Filing 324

MEMORANDUM OPINION and ORDER denying leave to file counterclaim, denying motion 254 for appointment of an independent investigator, for suspension of the current scheduling order, for sanctions, and for reconsideration of the order denying a transfer of venue, and granting motion 257 to dismiss and/or strike counterclaim. Signed by Judge Richard W. Roberts on 9/30/2012. (lcrwr1)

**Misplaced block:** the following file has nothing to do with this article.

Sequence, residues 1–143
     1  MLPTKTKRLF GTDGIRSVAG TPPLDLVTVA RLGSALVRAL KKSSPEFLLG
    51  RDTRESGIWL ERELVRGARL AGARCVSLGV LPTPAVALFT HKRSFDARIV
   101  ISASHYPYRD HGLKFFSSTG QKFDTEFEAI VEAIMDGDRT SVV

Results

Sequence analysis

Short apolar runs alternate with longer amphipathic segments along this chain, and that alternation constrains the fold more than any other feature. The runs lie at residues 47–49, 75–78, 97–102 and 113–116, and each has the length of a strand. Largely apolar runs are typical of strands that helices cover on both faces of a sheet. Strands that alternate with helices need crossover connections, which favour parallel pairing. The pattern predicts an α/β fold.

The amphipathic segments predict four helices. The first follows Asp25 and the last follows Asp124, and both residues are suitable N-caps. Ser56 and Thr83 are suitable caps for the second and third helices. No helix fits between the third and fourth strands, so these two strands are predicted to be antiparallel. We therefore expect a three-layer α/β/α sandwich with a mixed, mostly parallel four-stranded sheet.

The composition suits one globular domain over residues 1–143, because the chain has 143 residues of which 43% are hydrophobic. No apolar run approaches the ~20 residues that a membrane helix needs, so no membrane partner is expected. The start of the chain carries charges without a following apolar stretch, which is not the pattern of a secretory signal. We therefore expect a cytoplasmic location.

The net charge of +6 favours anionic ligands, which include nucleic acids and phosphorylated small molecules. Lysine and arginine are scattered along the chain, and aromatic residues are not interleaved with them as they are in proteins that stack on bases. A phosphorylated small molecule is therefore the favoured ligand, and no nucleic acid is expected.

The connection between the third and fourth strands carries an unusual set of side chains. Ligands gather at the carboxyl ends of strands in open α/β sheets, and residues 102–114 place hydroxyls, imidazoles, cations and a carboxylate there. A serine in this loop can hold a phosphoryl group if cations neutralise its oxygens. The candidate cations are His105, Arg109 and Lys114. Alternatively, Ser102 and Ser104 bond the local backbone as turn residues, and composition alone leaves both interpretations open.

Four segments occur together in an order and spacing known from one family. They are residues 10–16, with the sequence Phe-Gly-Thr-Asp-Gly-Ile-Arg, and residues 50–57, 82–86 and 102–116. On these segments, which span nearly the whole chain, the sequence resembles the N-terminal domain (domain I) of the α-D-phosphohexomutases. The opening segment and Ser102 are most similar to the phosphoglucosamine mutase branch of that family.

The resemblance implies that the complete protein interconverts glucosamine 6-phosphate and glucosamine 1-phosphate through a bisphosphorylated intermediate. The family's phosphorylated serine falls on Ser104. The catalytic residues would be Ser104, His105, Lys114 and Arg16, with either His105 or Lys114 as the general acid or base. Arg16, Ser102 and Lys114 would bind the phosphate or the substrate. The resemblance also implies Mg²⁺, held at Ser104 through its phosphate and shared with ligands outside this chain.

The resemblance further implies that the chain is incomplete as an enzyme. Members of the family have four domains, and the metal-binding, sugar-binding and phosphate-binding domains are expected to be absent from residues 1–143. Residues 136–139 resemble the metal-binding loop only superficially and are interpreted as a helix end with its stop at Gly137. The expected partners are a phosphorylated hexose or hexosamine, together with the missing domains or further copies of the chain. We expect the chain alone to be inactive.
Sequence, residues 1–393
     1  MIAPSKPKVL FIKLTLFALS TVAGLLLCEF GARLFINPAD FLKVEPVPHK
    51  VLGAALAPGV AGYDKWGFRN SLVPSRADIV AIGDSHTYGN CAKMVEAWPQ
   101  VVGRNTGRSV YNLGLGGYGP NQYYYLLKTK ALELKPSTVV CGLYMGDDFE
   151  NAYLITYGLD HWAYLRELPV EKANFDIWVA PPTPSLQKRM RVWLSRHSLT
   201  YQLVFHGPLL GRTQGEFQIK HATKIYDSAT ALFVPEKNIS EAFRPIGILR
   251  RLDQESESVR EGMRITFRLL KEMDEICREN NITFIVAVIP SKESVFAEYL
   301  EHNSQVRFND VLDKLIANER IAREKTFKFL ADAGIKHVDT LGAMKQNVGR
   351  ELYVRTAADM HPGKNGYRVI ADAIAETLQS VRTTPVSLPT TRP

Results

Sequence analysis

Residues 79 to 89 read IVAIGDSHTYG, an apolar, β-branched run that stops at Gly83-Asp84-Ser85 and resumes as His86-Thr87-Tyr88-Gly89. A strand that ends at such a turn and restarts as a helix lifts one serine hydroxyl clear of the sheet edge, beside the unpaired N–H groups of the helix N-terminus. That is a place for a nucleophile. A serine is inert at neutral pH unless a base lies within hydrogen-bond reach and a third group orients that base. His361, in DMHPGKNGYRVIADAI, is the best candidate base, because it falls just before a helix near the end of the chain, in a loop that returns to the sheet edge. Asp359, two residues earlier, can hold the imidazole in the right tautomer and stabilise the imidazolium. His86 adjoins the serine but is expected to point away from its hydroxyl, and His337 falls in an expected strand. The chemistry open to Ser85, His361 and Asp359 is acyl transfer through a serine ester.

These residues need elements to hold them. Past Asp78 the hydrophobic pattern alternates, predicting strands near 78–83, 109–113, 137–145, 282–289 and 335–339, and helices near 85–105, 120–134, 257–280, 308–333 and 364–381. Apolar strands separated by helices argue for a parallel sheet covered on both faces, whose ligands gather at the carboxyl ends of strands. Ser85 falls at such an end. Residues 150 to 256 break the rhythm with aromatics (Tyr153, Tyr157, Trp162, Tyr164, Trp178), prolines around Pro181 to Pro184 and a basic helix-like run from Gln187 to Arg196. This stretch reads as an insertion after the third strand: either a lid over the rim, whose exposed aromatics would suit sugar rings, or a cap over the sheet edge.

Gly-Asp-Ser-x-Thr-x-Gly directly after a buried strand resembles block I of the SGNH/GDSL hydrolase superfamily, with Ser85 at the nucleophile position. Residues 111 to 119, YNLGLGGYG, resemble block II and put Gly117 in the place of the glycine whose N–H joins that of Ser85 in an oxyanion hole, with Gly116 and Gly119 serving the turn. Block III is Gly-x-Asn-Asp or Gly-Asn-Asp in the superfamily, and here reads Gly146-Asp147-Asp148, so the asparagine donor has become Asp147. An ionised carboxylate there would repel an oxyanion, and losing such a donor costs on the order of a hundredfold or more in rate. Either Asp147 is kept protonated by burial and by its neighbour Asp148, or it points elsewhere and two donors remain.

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UNITED STATES DISTRICT COURT FOR THE DISTRICT OF COLUMBIA ______________________________ ) ) ) ) Plaintiffs, ) ) v. ) ) SECOND CHANCE BODY ARMOR, ) INC., et al., ) ) Defendants. ) ______________________________) UNITED STATES, ex rel. WESTRICK, Civil Action No. 04-280 (RWR) MEMORANDUM OPINION AND ORDER The United States brought this action against defendants Toyobo Co., Ltd. and Toyobo America, Inc. (collectively “Toyobo”), individual defendants Thomas Bachner, Jr. and Richard Davis, and others1 alleging violations of the False Claims Act (“FCA”), 31 U.S.C. §§ 3729-3733, as well as common law claims, in connection with the sale of allegedly defective body armor. Bachner has moved for several forms of relief. He seeks to file a counterclaim against the United States asserting malicious prosecution, tortious interference with contracts, unlawful investigatory and litigation tactics, invasion of privacy, and submission of false statements and documents by the Department of Justice attorneys in federal courts; the appointment of an 1 The government has settled its claims against Second Chance Body Armor, Inc. and related entities (collectively “Second Chance”), Karen McCraney and James McCraney. - 2 independent investigator; suspension of the current scheduling order; sanctions against the government; and reconsideration of the order denying his motion to transfer venue to the Western District of Michigan. The government opposes and moves to strike or dismiss the counterclaim under Federal Rule of Civil Procedure 12(b)(1) for lack of subject matter jurisdiction and Rule 12(b)(6) for failure to state a claim for which relief can be granted, and to strike the counterclaim under Rule 12(f). Because the counterclaim is barred by sovereign immunity, leave to add the counterclaim will be denied and the government’s motion to dismiss or strike it will be granted. Because appointing an independent investigator is neither authorized nor warranted, there is no good cause to suspend the scheduling order, there has been no sanctionable conduct by the government, and Bachner has not demonstrated that justice requires reconsidering a change of venue, Bachner’s remaining requests for relief will be denied. BACKGROUND The background of this case is set forth fully in United States ex rel. Westrick v. Second Chance Body Armor, Inc., 685 F. Supp. 2d 129, 132-33 (D.D.C. 2010). Briefly, the government’s amended complaint filed on September 19, 2005 alleges that Second Chance and Toyobo contracted for Toyobo to supply Second Chance with the synthetic fiber “Zylon” for use in manufacturing Second - 3 Chance bulletproof vests. Id. at 132-33. The government purchased the vests both through the General Service Administration’s Multiple Award Schedule contracting program and directly from Second Chance or from Second Chance distributors. (Am. Compl. ¶¶ 28-31.) Zylon deteriorated more quickly than expected, and the government alleges that Second Chance and Toyobo knew about the prospect of accelerated degradation while continuing to sell the vests and concealed that information from the government. Westrick, 685 F. Supp. 2d at 132. In February 2006, Bachner through counsel filed an answer to the government’s amended complaint stating no counterclaims. (Def. Bachner’s Answer to Am. Compl.) Years later, individual defendants Bachner, Davis, and the McCraneys, by then pro se, moved to transfer venue, arguing that continuing to defend the suit in this district would impose on them financial hardship and inconvenience. The motion to transfer venue was denied because the defendants failed to show that the transfer was in the interests of justice. United States ex rel. Westrick v. Second Chance Body Armor, Inc., 771 F. Supp. 2d 42, 44 (D.D.C. 2011). In September 2011, Bachner docketed a filing stating a counterclaim against the United States alleging prosecutorial misconduct during the ongoing investigation of Second Chance and the individual defendants under the FCA and moving for various forms of relief. (Mem. Facts in Support of Def. Bachner Jr.’s - 4 Counterclaim (“Def.’s Mem.”) at 2.) In particular, Bachner moves for the appointment of an independent investigator to examine the government’s alleged misconduct, suspension of the scheduling order to allow the investigator to proceed, and sanctions against the government for lack of disclosure, misrepresentations, and unfair settlement practices. (Id. at 1-3, 29-30.) Bachner seeks $2.75 million dollars in damages for lost employment, $700,000 for legal fees, punitive damages, and summary dismissal. 30.) (Id. at Finally, Bachner asks that the order denying transfer of venue to the Western District of Michigan be reconsidered “in the interests of justice.” (Id. at 31.) The government argues that leave to add the counterclaim should be denied or the counterclaim should be stricken or dismissed because it is untimely filed, is not compulsory, is futile as barred by sovereign immunity, fails to state a claim upon which relief can be granted, and is insufficient as a matter of law. (Gov’t Mem. in Supp. of Their Mot. to Strike and/or Dismiss the Counterclaim (“Gov’t Mem.”) at 3, 15.) In addition, the government opposes appointing an independent investigator for lack of statutory authority (id. at 28-29), imposing sanctions as barred by sovereign immunity and unwarranted in any event (id. at 29-42), and reconsidering transferring venue because it is untimely and Bachner alleges no new grounds to consider. 42.) (Id. at - 5 DISCUSSION I. LEAVE TO ADD COUNTERCLAIM Generally, “[a] pleading must state as a counterclaim any claim that -- at the time of its service -- the pleader has against an opposing party[.]” Fed. R. Civ. P. 13(a). Two rules govern adding a counterclaim after the initial pleadings have been filed. Rule 15(a) grants discretion to the court to grant leave to file a counterclaim to a party who omitted the counterclaim from the original responsive pleading when the opposing party does not consent. Rule 13(e) vests discretion in the court to allow the counterclaim if the claim accrued to a party after the earlier pleading was filed.2 See Montecatini Edison, S.P.A. v. Ziegler, 486 F.2d 1279, 1282 n.9 (D.C. Cir. 1973); Fed. R. Civ. P. 13(e), 15(a)(2). Bachner filed his initial pleading -- his answer -- through counsel in February 2006. Portions of Bachner’s pro se counterclaim, filed in September 2011, pertain to events which occurred before he filed his answer in February 2006 and could be 2 Omitted counterclaims which should have been filed in responsive pleadings were formerly considered under Federal Rule of Civil Procedure 13(f), as is reflected in the Montecatini Edison case. However, since the 2009 Rules amendments, “the decision whether to allow an amendment to add an omitted counterclaim is governed exclusively by Rule 15.” 6 Charles A. Wright, et al., Federal Practice and Procedure § 1430 (3d ed. 2012) (referring to Fed. R. Civ. P. 13 advisory committee’s note (2009 Amendments)). Since Bachner filed his counterclaim in 2011, Rule 15 governs. - 6 construed under Rule 15 as omitted claims. Bachner’s pre-answer claims allege malicious prosecution (see Def.’s Mem. at 9-11 (citing the government’s choice to prosecute the Second Chance executives in September 2005)), and tortious interference with contract (see Def.’s Mem. at 12-13 (alleging interference with Bachner’s employment in July and September 2005)). Bachner’s other claims allege events from 2006 to 2010 during the FCA investigation and litigation: unlawful litigation tactics (see Def.’s Mem. at 14 (citing placing Bachner and other defendants on the General Services Administration’s (“GSA’s”) Excluded Parties Listing System in August 2006)); invasion of privacy (see Def.’s Mem. at 20-22 (citing investigations in September 2008)) and malicious prosecution (see Def.’s Mem. at 15-16, 26-29 (citing vindictive “persecution” in April 2008, intimidation and threats in June 2008, improper settlement tactics in April 2009, failure to supervise in May 2010 and bad faith litigation tactics in July 2010)). They could be construed under Rule 13(e) as claims which accrued during this litigation. A. Omitted counterclaims Under Rule 15(a), Bachner can add an omitted counterclaim now “only with the opposing party’s written consent or the court’s leave. so requires.” The court should freely give leave when justice Fed. R. Civ. P. 15(a)(2). The decision to grant or deny leave to amend is within the court’s discretion. Garnes- - 7 El v. District of Columbia, 841 F. Supp. 2d 116, 123 (D.D.C. 2012) (citing Firestone v. Firestone, 76 F.3d 1205, 1208 (D.C. Cir. 1996)). A court should “determine the propriety of amendment on a case by case basis, using a generous standard[,]” Harris v. Sec’y, U.S. Dep’t of Veterans Affairs, 126 F.3d 339, 344 (D.C. Cir. 1997), and pro se complaints should be construed with “special liberality.” Kaemmerling v. Lappin, 553 F.3d 669, 677 (D.C. Cir. 2008). Undue delay, undue prejudice to the defendant or futility of the proposed amendment are factors that may warrant denying leave to amend. Richardson v. United States, 193 F.3d 545, 548-49 (D.C. Cir. 1999) (holding that the motion to amend should be granted “in the absence of undue delay, bad faith, undue prejudice to the opposing party, repeated failure to cure deficiencies, or futility”); Smith v. Café Asia, 598 F. Supp. 2d 45, 47 (D.D.C. 2009) (citing Atchinson v. District of Columbia, 73 F.3d 418, 425 (D.C. Cir. 1996)). A district court may deny a motion to amend a pleading as futile if the amended pleading would not survive a motion to dismiss. In re Interbank Funding Corp. Sec. Litig., 629 F.3d 213, 218 (D.C. Cir. 2010); see also Truesdale v. United States Dep’t of Justice, No. 12-5012, 2012 WL 3791281, at *1 (D.C. Cir. Aug. 15, 2012). In a motion to dismiss for lack of subject matter jurisdiction under Rule 12(b)(1), the counterclaimant - 9 counterclaim . . . against the United States[.]” Fed. R. Civ. P. 13(d). Bachner’s tort claims suggest an examination of the Federal Tort Claims Act (“FTCA”) for any applicable waiver of the government’s immunity here. The FTCA provides a waiver of sovereign immunity in civil actions based on “injury or loss of property, or personal injury or death caused by the negligent or wrongful act or omission of any employee of the Government while acting within the scope of his office or employment[.]” 28 U.S.C. § 1346(b)(1); see also Hayes v. United States, 539 F. Supp. 2d 393, 397 (D.D.C. 2008). The burden of proof lies on the party bringing suit to show that the government has unequivocally waived its immunity. Tri-State Hosp. Supply Corp. v. United States, 341 F.3d 571, 575 (D.C. Cir. 2003). The D.C. Circuit has affirmed that “suits for damages against the United Statues under the . . . Constitution and . . . under the common law must be brought pursuant to the limited waiver of sovereign immunity in the FTCA, which requires that the claimant have exhausted his administrative remedies before filing suit.” Benoit v. U.S. Dep’t Agric., 608 F.3d 17, 20 (D.C. Cir. 2010) (citing McNeil v. United States, 508 U.S. 106, 113 (1993), and citing other sources). The district court “‘lacks subject matter jurisdiction over common law tort claims against the United States for which a plaintiff has not exhausted his - 10 administrative remedies.’” Hill, 562 F. Supp. 2d at 134 (quoting Hayes, 539 F. Supp. 2d at 398-99). To satisfy the administrative exhaustion requirements, a claimant must first file “(1) a written statement sufficiently describing the injury to enable the agency to begin its own investigation, and (2) a sum-certain damages claim.” GAF Corp. v. United States, 818 F.2d 901, 919 (D.C. Cir. 1987) (referring to 28 U.S.C. § 2675); see also Bowden v. United States, 106 F.3d 433, 441 (D.C. Cir. 1997) (applying the same requirements). After presentment of the claim, the claim must be finally denied in writing by the relevant federal agency. Simpkins v. District of Columbia Gov’t, 108 F.3d 366, 370 (D.C. Cir. 1997) (citing 28 U.S.C. § 2675(a)). The FTCA has a two-year statute of limitations by which the claimant must have formally brought the claim to the agency. 28 U.S.C. § 2401(b). Furthermore, the waiver of sovereign immunity specifically does not apply to claims for interference with contract rights. See 28 U.S.C. § 2680(h); Art Metal-U.S.A., Inc., v. United States, 753 F.2d 1151, 1154-55 (D.C. Cir. 1985). In this case, Bachner’s claims for tortious interference with employment contracts cannot be sustained under the FTCA due to the explicit exception in 28 U.S.C. § 2680(h). With regard to his remaining pre-answer claim of malicious prosecution3, Bachner 3 Courts have generally barred malicious prosecution counterclaims against the United States on sovereign immunity grounds. United States v. Chilstead Bldg. Co., Inc., 18 F. Supp. - 11 has not carried his burden of showing that he complied with the FTCA’s exhaustion requirements. Bachner asserts that all of his complaints were initially filed with the Department of Justice Office of Professional Responsibility in a letter on February 14, 2011. (Def.’s Mem. at 2.) However, Bachner provides neither a copy of the letter nor any evidence that this letter satisfied the “sum-certain” administrative presentment requirement of informing the Justice Department of the amount of damages he sought. Even assuming that his letter on February 14, 2011 satisfied the administrative presentment requirement, both the alleged interference with Bachner’s employment in 2005 and malicious prosecution of the individual defendants in 2005 occurred before February 14, 2009, beyond the two-year FTCA statute of limitations. Because Bachner did not complain of these actions within the two-year period after they arose, he has lost the opportunity to allege them in a counterclaim. Because Bachner has failed timely to assert and exhaust under the FTCA claims for events occurring before he filed his answer, the court lacks subject matter jurisdiction over those claims and will deny leave to file them in a counterclaim. 2d 210, 213 (N.D.N.Y. 1998); United States ex rel. Lazar v. Worldwide Fin. Servs., Inc., 2007 WL 4180718, at *3 (E.D. Mich. Nov. 26, 2007). - 12 - B. Matured or after-acquired counterclaims Under Rule 13(e), counterclaims which matured or were acquired after the pleading may be asserted through supplemental pleading in the court’s discretion. Fed. R. Civ. P. 13(e); see Law Offices of Jerris Leonard, P.C. v. Mideast Sys., Ltd., 111 F.R.D. 359, 362 (D.D.C. 1986) (stating that “Rule 13(a) does not bar a party from later raising a compulsory counterclaim that matured after the original pleading”). In deciding whether to allow a counterclaim under this rule, a court typically considers whether the case has proceeded to the point that allowing the counterclaim would cause confusion, delay, complication, or hardship. 6 Wright et al., Federal Practice and Procedure § 1428 (3d ed. 2012); see also Index Fund, Inc. v. Hagopian, 91 F.R.D. 599, 606 (S.D.N.Y. 1981). Bachner’s post-answer claims include invasion of privacy and malicious prosecution. Bachner’s privacy claim arises from a Treasury agent’s alleged harassment and intimidation of Bachner and his family in September 2008. Bachner’s claims of malicious prosecution are based on alleged events occurring before February 14, 2009, including placing him on GSA’s excluded parties list in August 2006, vindictive “persecution” in April 2008, and intimidation and threats in June 2008. All are barred by sovereign immunity as beyond the FTCA statute of limitations. - 13 Because Bachner’s claims are based on actions before February 14, 2009 and he has not satisfied administrative exhaustion requirements, he may not allege them in a counterclaim. Bachner’s malicious prosecution claims based on allegations after February 14, 2009, including improper settlement tactics in April 2009, failure to supervise in May 2010 and bad faith litigation tactics in July 2010, are not similarly time-barred. Allowing the claims nevertheless would be futile. Sovereign immunity bars them since Bachner has not shown that he has satisfied his exhaustion requirement of making a sum-certain demand. dismiss. Moreover, the claims would not survive a motion to Under District of Columbia law, a plaintiff must prove four elements of malicious prosecution: “(1) that the underlying suit terminated in plaintiff's favor; (2) malice on the part of the defendant; (3) lack of probable cause for the underlying suit; and (4) special injury occasioned by the plaintiff as the result of the original action.” Nader v. Democratic Nat’l Comm., 567 F.3d 692, 697 (D.C. Cir. 2009) (citing Morowitz v. Marvel, 423 A.2d 196, 198 (D.C. 1980)). Since this suit has not terminated in his favor, these remaining malicious prosecution claims are premature and cannot be added under Rule 13(e). See United States ex rel. Head v. Kane Co., 668 F. Supp. 2d 146, 156 (D.D.C. 2009) (finding that a counterclaim for malicious prosecution is premature when the current FCA action has not yet - 14 been decided); Harris v. Steinem, 571 F.2d 119, 124 (2d Cir. 1978) (noting that it is well settled that a claim for malicious prosecution, “which arises out of the bringing of the main action, generally cannot be asserted either as a compulsory or a permissive counterclaim, since such a claim is premature prior to the determination of the main action”). II. MOTION FOR THE APPOINTMENT OF AN INDEPENDENT INVESTIGATOR Bachner asks the court to have an independent investigation launched into the Department of Justice’s Second Chance FCA investigation. (Def.’s Mem. at 29.) To do so while Justice’s investigation is ongoing and this litigation is pending would risk judicial imprudence. But even if it did not, Bachner has provided no authority in law for the court to even be able to do what he asks. If Bachner’s request for the appointment of an independent investigator is intended as a request to appoint an independent counsel or special prosecutor under the Ethics in Government Act, 28 U.S.C. §§ 591-599, it is unavailing. Although the “central purpose of the special prosecutor provisions of the Ethics Act is to permit the effective investigation and prosecution of high level government and campaign officials[,]” United States v. Wilson, 26 F.3d 142, 148 (D.C. Cir. 1994), it is well settled that a private citizen lacks standing to seek appointment of a special prosecutor under this Act. See Sargeant v. Dixon, 130 F.3d 1067, 1069 (D.C. Cir. 1997) (citing In re - 15 Kaminski, 960 F.2d 1062 (D.C. Cir. 1992)); see also In re Visser, 968 F.2d 1319, 1324 (D.C. Cir. 1992) (finding that a private citizen does not have the power to compel the Attorney General to investigate allegations and apply for appointment of independent counsel). The Act provides that it is the “‘Attorney General [who] shall apply to the division of the court for the appointment of an independent counsel[.]’” Kaminski, 960 F.2d at 1062 (quoting 28 U.S.C. § 592(c)(1)). Because granting Bachner’s request would be inappropriate, and Bachner presents no authority to grant it in any event, his motion for an independent investigator will be denied. III. MOTION FOR SANCTIONS Bachner seeks sanctions against the government based on “prosecutorial misconduct” and “vexatious, malicious conduct and malfeasance.” (Def.’s Mem. at 31.) There are three relevant sources of the court’s sanction power -- Rule 11, Rule 37, and the court’s inherent power. Rule 11 sanctions are appropriate where a party files a pleading, motion or other paper with the court for an improper purpose, that is unwarranted by existing law, or that is lacking in evidentiary support. Fed. R. Civ. P. 11(b)(1)-(4); see Westmoreland v. CBS, Inc., 770 F.2d 1168, 1174 (D.C. Cir. 1985); Ali v. Tolbert, 636 F.3d 622, 626 (D.C. Cir. 2011). The court is accorded broad discretion to impose sanctions under Rule 11. Westmoreland, 770 F.2d at 1174. - 16 Discovery sanctions are appropriate under Rule 37(b)(2)(A) where a party fails to obey a discovery order. 37(b)(2)(A). Fed. R. Civ. P. Rule 37 sanctions are committed to the discretion of the district court. Bond v. District of Columbia, 93 F.3d 801, 807 (D.C. Cir. 1996). “The central requirement of Rule 37 is that ‘any sanction must be just.’” Id. (quoting Insurance Corp. V. Compagnie des Bauxites de Guinée, 456 U.S. 694, 707 (1982)). Finally, the district court is afforded inherent power to sanction parties for bad faith conduct. 501 U.S. 32, 44, 50 (1991). Chambers v. NASCO, Inc., In order to sanction conduct under this authority, the court must find, by clear and convincing evidence, that a party “committed sanctionable misconduct that is tantamount to bad faith.” Ali, 636 F.3d 622, 627; see also United States v. Wallace, 964 F.2d 1214, 1219 (D.C. Cir. 1992) (stating that “it is settled that a finding of bad faith is required for sanctions under the court's inherent powers”). While Bachner argues numerous grounds for sanctions against the government, he asserts only two claims which could be potentially redressed by sanctions under the law. He alleges that the government lawyers made false statements to this court in August 2010 concerning the settlement between Second Chance and the United States. (Def.’s Mem. at 23-24.) He also argues that, despite the unsealing of grand jury investigation materials - 17 involving this case, the government has failed to “release all the federal agent investigatory notes[.]” (Def.’s Mem. at 19.) The government responds that the statements were true and that the notes are protected from disclosure under the work product privilege. (Gov’t Mem. at 30, 39-40.) Bachner’s allegations do not warrant imposing sanctions against the government. Rule 11 reaches written representations in a “pleading, written motion or other paper[,]” Fed. R. Civ. P. 11(b), not the oral representations of which Bachner complains. Bachner has shown no violation by the government of any discovery order compelling production of agents’ notes, nor has he shown any basis for disregarding the asserted work product privilege. Finally, Bachner has not established sanctionable bad faith government conduct. Bachner’s motion for sanctions will be denied. IV. MOTION FOR RECONSIDERATION Bachner moves for reconsideration of this court’s order denying the defendants’ motion to transfer venue to the Western District of Michigan. Federal Rule 54(b) governs motions for reconsideration of interlocutory decisions. Scott v. District of Columbia, 246 F.R.D. 49, 51 (D.D.C. 2007) (citing Cobell v. Norton, 224 F.R.D. 266, 271 (D.D.C. 2004)). Interlocutory orders may be revised “at any time before the entry of a judgment adjudicating all the claims and all the parties’ rights and - 18 liabilities.” Fed. R. Civ. P. 54(b). Under Rule 54, a court may reconsider an interlocutory decision “as justice requires.” Capitol Sprinkler Inspection, Inc. v. Guest Servs., Inc., 630 F.3d 217, 227 (D.C. Cir. 2011) (internal citation and quotation marks omitted). Under this standard, reconsideration may be warranted where the court has “‘patently misunderstood the parties, made a decision beyond the adversarial issues presented, made an error in failing to consider controlling decisions or data, or [where] a controlling or significant change in the law has occurred.’” Arias v. DynCorp, 856 F. Supp. 2d 46, 52 (D.D.C. 2012) (quoting Negley v. F.B.I., 825 F. Supp. 2d 58, 60 (D.D.C. 2011)). The burden is on the moving party to show that reconsideration is appropriate and that harm or injustice would result if reconsideration were denied. Supp. 2d 7, 10 (D.D.C. 2008). Husayn v. Gates, 588 F. A court may deny a motion for reconsideration when it raises “‘arguments for reconsideration the court ha[s] . . . already rejected on the merits.’” McLaughlin v. Holder, Civil Action No. 11-1868 (RWR), 2012 WL 1893627, at *6 (D.D.C. May 25, 2012) (quoting Capitol Sprinkler Inspection, Inc., 630 F.3d at 227). Bachner does not assert that the order denying transfer of venue is based on a misunderstanding, reached an issue not presented by the parties, failed to consider controlling law or facts, or has been affected by a fundamental change in the law. - 19 His makes a bare, unsupported request for a “re-evaluation of the Change of Venue Motion, to the Western District of Michigan, in the interests of justice.” (Def.’s Mem. at 31.) There being no good cause shown for the request, it will be denied. CONCLUSION AND ORDER Allowing Bachner’s counterclaim would be futile. Suspending the scheduling order to permit an unauthorized appointment of an independent investigator is not warranted. No basis for sanctions against the government or reconsideration of the order denying a venue transfer has been presented. Accordingly, it is hereby ORDERED that leave for Bachner to file a counterclaim be and hereby is, DENIED. It is further ORDERED that Bachner’s motion [254] for appointment of an independent investigator, for suspension of the current scheduling order, for sanctions, and for reconsideration of the order denying a transfer of venue be, and hereby is, DENIED. It is further ORDERED that the government’s motion [257] to dismiss and/or strike Bachner’s counterclaim be, and hereby is, GRANTED. SIGNED this 30th day of September, 2012. /s/ RICHARD W. ROBERTS United States District Judge